Magazine On-line [fall 2011]
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Transylvania once had the nation’s most important law department

Transylvania University’s pioneering nineteenth-century law department was a national leader in the development of university-affiliated legal education during its 1799-1859 life-span. At one point, it was the nation’s largest law department, and is credited with giving birth to law programs at Indiana University (1842), the University of Louisville (1846), the University of Louisiana/soon to become Tulane (1847), and the University of Mississippi (1854).

“There was but one program of higher education in law that enjoyed genuine success in the antebellum years,” wrote Duke University law professor and legal historian Paul Carrington. “That program was an intellectual offspring of William & Mary, the law department of Transylvania University in Lexington, Kentucky.”

Carrington penned those words in his presentation titled “Teaching Law and Virtue at Transylvania University: The George Wythe Tradition in the Antebellum Years” given at Mercer University Law School as the 1989 Carl Vinson Lecture.

In his paper, Carrington documents the fact that the four professors in Transylvania’s law department in 1840 made it the largest law faculty in the nation. Enrollment in the department had reached 40 by 1822 and varied between 30 and 70 for the next three decades, making the student body also among the nation’s largest.

In a 2010 interview with Transylvania magazine, Carrington said that the connection between Transylvania’s law department and statesman Henry Clay, who taught in the law department from 1805-07 and was a Transylvania trustee, was a key factor in burnishing the school’s national reputation.

Clay’s life of public service was a shining example of a primary purpose of legal education in the thinking of Thomas Jefferson, who felt that legal education would prepare men for public service and help secure the integrity of public institutions.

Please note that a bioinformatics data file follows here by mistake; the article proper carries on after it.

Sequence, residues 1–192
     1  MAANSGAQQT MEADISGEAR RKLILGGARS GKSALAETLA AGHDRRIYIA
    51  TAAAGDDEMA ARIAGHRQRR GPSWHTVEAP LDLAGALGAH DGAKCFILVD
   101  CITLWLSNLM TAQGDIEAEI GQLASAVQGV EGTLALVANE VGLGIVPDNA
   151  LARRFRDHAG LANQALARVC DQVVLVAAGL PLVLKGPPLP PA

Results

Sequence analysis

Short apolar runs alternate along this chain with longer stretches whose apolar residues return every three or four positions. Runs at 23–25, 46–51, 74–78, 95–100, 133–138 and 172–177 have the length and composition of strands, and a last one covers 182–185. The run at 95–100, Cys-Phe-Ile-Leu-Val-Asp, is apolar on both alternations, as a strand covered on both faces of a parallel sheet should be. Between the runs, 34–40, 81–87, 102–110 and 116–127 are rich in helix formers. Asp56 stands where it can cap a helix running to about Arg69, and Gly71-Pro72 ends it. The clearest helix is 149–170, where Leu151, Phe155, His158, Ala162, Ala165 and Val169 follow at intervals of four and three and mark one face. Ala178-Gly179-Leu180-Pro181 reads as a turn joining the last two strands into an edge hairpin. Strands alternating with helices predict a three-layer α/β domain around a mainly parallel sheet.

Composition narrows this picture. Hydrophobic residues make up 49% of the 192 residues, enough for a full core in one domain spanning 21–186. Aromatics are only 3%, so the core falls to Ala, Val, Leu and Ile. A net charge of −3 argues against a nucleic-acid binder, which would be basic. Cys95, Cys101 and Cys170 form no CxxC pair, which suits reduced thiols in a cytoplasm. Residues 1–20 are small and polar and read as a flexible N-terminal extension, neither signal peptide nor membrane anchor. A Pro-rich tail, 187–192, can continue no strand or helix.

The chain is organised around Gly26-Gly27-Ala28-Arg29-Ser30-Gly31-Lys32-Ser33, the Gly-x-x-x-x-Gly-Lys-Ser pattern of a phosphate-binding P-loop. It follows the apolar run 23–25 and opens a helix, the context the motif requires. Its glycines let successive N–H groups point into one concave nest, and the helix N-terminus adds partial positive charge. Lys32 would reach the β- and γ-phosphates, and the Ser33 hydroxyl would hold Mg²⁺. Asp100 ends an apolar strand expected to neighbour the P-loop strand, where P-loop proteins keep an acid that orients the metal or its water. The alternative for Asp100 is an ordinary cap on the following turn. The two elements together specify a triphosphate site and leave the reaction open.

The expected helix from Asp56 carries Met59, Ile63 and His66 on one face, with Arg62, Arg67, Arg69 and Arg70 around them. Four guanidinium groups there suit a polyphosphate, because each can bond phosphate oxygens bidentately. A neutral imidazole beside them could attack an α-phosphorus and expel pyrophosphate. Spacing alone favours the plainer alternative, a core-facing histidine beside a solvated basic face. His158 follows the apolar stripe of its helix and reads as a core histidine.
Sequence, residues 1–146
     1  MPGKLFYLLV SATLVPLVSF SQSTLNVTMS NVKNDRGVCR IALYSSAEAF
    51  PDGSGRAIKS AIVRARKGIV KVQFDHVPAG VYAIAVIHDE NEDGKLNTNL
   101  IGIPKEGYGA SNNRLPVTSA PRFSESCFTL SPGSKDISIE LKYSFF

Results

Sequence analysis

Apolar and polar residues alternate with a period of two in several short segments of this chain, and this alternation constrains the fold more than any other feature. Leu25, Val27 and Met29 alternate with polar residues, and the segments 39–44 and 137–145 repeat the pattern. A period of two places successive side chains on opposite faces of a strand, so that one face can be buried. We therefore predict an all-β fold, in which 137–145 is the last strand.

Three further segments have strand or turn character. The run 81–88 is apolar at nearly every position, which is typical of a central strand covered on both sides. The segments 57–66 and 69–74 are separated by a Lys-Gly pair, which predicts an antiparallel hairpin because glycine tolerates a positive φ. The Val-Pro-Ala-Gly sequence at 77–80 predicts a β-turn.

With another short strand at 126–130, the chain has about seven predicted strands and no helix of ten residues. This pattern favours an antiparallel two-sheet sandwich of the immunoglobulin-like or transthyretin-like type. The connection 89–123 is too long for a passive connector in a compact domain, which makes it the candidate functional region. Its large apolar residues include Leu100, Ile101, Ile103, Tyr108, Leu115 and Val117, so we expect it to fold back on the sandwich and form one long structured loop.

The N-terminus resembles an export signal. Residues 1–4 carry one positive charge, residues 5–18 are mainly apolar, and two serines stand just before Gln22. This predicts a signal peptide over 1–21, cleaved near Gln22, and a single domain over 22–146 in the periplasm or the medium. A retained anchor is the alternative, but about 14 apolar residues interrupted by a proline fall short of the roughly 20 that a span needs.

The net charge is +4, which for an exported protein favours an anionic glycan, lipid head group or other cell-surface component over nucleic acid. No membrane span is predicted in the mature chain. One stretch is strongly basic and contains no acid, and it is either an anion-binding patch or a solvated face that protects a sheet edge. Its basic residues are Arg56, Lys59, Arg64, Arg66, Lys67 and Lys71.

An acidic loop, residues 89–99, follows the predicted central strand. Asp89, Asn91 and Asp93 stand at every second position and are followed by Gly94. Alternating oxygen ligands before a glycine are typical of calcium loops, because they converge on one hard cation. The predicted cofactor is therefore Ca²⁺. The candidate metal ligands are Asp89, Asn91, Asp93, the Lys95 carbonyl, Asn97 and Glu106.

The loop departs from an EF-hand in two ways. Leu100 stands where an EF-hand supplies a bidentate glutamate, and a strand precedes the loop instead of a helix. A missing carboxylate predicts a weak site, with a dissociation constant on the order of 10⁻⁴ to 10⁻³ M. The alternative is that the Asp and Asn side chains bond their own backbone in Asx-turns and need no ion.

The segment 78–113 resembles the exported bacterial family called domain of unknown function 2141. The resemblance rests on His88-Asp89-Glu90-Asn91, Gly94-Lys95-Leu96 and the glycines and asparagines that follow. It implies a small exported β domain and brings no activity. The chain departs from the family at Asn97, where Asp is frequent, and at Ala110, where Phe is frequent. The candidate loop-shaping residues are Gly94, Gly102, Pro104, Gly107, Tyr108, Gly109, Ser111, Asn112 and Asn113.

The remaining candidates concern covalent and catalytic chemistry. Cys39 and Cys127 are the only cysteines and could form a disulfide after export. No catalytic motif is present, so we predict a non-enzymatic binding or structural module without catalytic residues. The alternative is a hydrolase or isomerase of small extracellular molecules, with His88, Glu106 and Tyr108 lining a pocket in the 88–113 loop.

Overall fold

“Part of Transylvania’s success lay in its connection with Henry Clay,” Carrington said. “The message was that if you wanted to be a politician in America and you wanted to get somewhere as Clay did, and you were living in the western half of the United States, then the place to train yourself in the law and qualify yourself is by talking to and learning from the judges who were teaching at Transylvania. In the 1840s it was the most important law school in the nation and had the most demanding curriculum.”

Although Transylvania no longer has a law department, graduates of the university win acceptance to many of the nation’s leading law schools, including Harvard, Cornell, Duke, and Stanford. Students recommended by Transylvania enjoy a 100 percent acceptance rate.

For a video of an interview with Transylvania President R. Owen Williams by John Harwood of CNBC and The New York Times on Henry Clay, his role as Speaker of the House, and his ties to Transylvania, go to:

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